Sebestyen v. Gardner et al
REPORT AND RECOMMENDATIONS: It is RECOMMENDED that Plaintiffs claims against the ODRC, Defendants Charlotte Jenkins, C.O. Long, J. Noble, and Mr. Ferrell, and the claims for money damages against the remaining Individual Defendants in their official capacities be DISMISSED for failure to state a claim. It is RECOMMENDED that Plaintiff be permitted to proceed with his remaining claims re 4 Complaint filed by Tibor Sebestyen. Objections to R&R due by 12/6/2017. Signed by Magistrate Judge Elizabeth Preston Deavers on November 22, 2017. (jlk) (This document has been sent by regular mail to the party(ies) listed in the NEF that did not receive electronic notification.)
UNITED STATES DISTRICT COURT
SOUTHERN DISTRICT OF OHIO
Case No. 2:17-cv-550
Judge Michael H. Watson
Magistrate Judge Elizabeth P. Deavers
DR. JOHN GARDNER, et al.,
INITIAL SCREEN REPORT AND RECOMMENDATION
Plaintiff, Tibor Sebestyen, a state inmate who is proceeding without the assistance of
counsel, brings this action under 42 U.S.C. § 1983 against the Ohio Department of Rehabilitation
and Corrections (“ODRC”) and employees at Chillicothe Correctional Institution (“CCI”) and
London Correctional Institution (“LoCI”) (collectively, “the Individual Defendants”). (ECF No.
4.) This matter is before the Court for the initial screen of Plaintiff’s Complaint under 28 U.S.C.
§§ 1915(e)(2) and 1915A to identify cognizable claims and to recommend dismissal of
Plaintiff’s Complaint, or any portion of it, which is frivolous, malicious, fails to state a claim
upon which relief may be granted, or seeks monetary relief from a defendant who is immune
from such relief. 28 U.S.C. §§ 1915(e)(2), 1915A(b); see also McGore v. Wrigglesworth, 114
F.3d 601, 608 (6th Cir. 1997). Having performed the initial screen, for the reasons that follow, it
is RECOMMENDED that the Court DISMISS Plaintiff’s claims against the ODRC, the claims
against Defendants Charlotte Jenkins, C.O. Long, J. Noble, and Mr. Ferrell, and the claims for
money damages against the remaining Individual Defendants in their official capacities and that
Plaintiff be permitted to proceed with his remaining claims.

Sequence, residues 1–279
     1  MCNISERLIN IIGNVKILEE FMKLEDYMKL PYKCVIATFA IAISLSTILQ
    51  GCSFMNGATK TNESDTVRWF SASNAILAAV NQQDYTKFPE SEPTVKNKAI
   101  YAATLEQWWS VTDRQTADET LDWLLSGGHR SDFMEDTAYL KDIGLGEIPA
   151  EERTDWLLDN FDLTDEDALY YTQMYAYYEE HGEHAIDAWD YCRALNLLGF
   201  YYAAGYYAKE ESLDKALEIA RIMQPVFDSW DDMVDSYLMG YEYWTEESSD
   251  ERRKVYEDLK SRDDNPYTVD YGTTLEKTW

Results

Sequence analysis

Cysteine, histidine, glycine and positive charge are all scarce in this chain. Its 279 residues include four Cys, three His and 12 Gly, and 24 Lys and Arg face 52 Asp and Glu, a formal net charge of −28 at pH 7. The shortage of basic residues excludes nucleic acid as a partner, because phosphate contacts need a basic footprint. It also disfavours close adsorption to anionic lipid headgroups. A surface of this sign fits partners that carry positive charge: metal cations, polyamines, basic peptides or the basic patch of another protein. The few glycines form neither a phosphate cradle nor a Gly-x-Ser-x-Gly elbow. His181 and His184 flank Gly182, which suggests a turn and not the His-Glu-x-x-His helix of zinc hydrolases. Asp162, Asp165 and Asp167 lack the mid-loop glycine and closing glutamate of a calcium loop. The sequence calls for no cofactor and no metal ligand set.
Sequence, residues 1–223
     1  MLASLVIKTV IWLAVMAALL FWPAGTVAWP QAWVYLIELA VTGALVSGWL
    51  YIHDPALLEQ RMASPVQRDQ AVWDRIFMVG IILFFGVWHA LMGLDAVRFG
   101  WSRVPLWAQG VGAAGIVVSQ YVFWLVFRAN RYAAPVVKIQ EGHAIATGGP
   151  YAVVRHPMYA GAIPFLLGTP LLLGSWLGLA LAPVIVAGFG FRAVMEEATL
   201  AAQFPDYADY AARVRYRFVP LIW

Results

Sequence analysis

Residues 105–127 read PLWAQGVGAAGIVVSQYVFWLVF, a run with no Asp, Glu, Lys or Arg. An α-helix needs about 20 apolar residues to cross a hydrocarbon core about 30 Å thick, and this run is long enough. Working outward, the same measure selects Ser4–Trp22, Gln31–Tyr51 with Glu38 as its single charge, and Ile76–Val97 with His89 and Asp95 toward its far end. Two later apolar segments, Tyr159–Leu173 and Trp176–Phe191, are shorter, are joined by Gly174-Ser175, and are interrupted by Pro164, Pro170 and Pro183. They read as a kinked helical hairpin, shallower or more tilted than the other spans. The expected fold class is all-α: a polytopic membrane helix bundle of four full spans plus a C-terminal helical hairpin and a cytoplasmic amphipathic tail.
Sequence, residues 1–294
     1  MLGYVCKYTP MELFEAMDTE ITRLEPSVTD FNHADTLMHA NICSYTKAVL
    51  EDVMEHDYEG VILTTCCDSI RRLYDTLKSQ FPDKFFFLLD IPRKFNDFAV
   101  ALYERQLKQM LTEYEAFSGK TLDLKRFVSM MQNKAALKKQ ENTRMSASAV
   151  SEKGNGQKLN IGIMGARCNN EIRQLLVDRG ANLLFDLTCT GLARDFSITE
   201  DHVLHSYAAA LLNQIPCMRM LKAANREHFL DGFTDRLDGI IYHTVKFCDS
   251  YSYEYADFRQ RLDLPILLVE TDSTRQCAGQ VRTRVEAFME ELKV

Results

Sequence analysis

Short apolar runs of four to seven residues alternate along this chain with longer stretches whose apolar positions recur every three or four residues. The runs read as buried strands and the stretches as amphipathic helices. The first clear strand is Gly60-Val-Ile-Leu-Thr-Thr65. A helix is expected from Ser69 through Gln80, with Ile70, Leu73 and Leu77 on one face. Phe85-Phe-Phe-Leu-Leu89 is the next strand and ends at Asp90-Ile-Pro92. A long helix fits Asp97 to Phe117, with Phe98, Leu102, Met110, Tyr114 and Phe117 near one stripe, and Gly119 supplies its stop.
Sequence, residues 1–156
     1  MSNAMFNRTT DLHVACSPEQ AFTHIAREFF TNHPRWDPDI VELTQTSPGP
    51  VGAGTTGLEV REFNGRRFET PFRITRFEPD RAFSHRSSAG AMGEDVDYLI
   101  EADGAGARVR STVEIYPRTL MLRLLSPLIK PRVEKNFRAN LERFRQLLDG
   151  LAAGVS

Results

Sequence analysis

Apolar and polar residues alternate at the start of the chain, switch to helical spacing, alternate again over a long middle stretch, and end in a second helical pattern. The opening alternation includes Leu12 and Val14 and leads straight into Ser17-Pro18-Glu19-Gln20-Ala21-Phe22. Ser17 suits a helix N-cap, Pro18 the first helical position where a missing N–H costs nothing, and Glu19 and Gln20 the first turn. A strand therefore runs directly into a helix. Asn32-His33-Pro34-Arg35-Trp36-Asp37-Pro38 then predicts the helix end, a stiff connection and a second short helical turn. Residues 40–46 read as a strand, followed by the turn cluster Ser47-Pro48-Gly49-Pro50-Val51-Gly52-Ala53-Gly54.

Congress enacted 28 U.S.C. § 1915, the federal in forma pauperis statute, seeking to
“lower judicial access barriers to the indigent.” Denton v. Hernandez, 504 U.S. 25, 31 (1992).
In doing so, however, “Congress recognized that ‘a litigant whose filing fees and court costs are
assumed by the public, unlike a paying litigant, lacks an economic incentive to refrain from
filing frivolous, malicious, or repetitive lawsuits.’” Id. at 31 (quoting Neitzke v. Williams, 490
U.S. 319, 324 (1989)). To address this concern, Congress included subsection (e)1 as part of the
statute, which provides in pertinent part:
(2) Notwithstanding any filing fee, or any portion thereof, that may have been
paid, the court shall dismiss the case at any time if the court determines that-*
(B) the action or appeal-(i) is frivolous or malicious;
(ii) fails to state a claim on which relief may be granted; or . . . .
28 U.S.C. § 1915(e)(2)(B)(i) & (ii); Denton, 504 U.S. at 31. Thus, § 1915(e) requires sua sponte
dismissal of an action upon the Court’s determination that the action is frivolous or malicious, or
upon determination that the action fails to state a claim upon which relief may be granted.
To properly state a claim upon which relief may be granted, a plaintiff must satisfy the
basic federal pleading requirements set forth in Federal Rule of Civil Procedure 8(a). See also
Hill v. Lappin, 630 F.3d 468, 470–71 (6th Cir. 2010) (applying Federal Rule of Civil Procedure
12(b)(6) standards to review under 28 U.S.C. §§ 1915A and 1915(e)(2)(B)(ii)). Under Rule
Formerly 28 U.S.C. § 1915(d).
8(a)(2), a complaint must contain a “short and plain statement of the claim showing that the
pleader is entitled to relief.” Fed. R. Civ. P. 8(a)(2). Thus, Rule 8(a) “imposes legal and factual
demands on the authors of complaints.” 16630 Southfield Ltd., P’Ship v. Flagstar Bank, F.S.B.,
727 F.3d 502, 503 (6th Cir. 2013).
Although this pleading standard does not require “‘detailed factual allegations,’ . . . [a]
pleading that offers ‘labels and conclusions’ or ‘a formulaic recitation of the elements of a cause
of action,’” is insufficient. Ashcroft v. Iqbal, 556 U.S. 662, 678 (2009) (quoting Bell Atlantic
Corp. v. Twombly, 550 U.S. 544, 555 (2007)). A complaint will not “suffice if it tenders ‘naked
assertion[s]’ devoid of ‘further factual enhancement.’” Id. (quoting Twombly, 550 U.S. at 557).
Instead, to survive a motion to dismiss for failure to state a claim under Rule 12(b)(6), “a
complaint must contain sufficient factual matter . . . to ‘state a claim to relief that is plausible on
its face.’” Id. (quoting Twombly, 550 U.S. at 570). Facial plausibility is established “when the
plaintiff pleads factual content that allows the court to draw the reasonable inference that the
defendant is liable for the misconduct alleged.” Id. “The plausibility of an inference depends on
a host of considerations, including common sense and the strength of competing explanations for
the defendant’s conduct.” Flagstar Bank, 727 F.3d at 504 (citations omitted). Further, the Court
holds pro se ain complaints “‘to less stringent standards than formal pleadings drafted by
lawyers.’” Garrett v. Belmont Cnty. Sheriff’s Dep’t., No. 08-3978, 2010 WL 1252923, at *2 (6th
Cir. April 1, 2010) (quoting Haines v. Kerner, 404 U.S. 519, 520 (1972)). This lenient
treatment, however, has limits; “‘courts should not have to guess at the nature of the claim
asserted.’” Frengler v. Gen. Motors, 482 F. App’x 975, 976–77 (6th Cir. 2012) (quoting Wells v.
Brown, 891 F.2d 591, 594 (6th Cir. 1989)).
According to the Complaint and the attached exhibits, on or around December 19, 2016,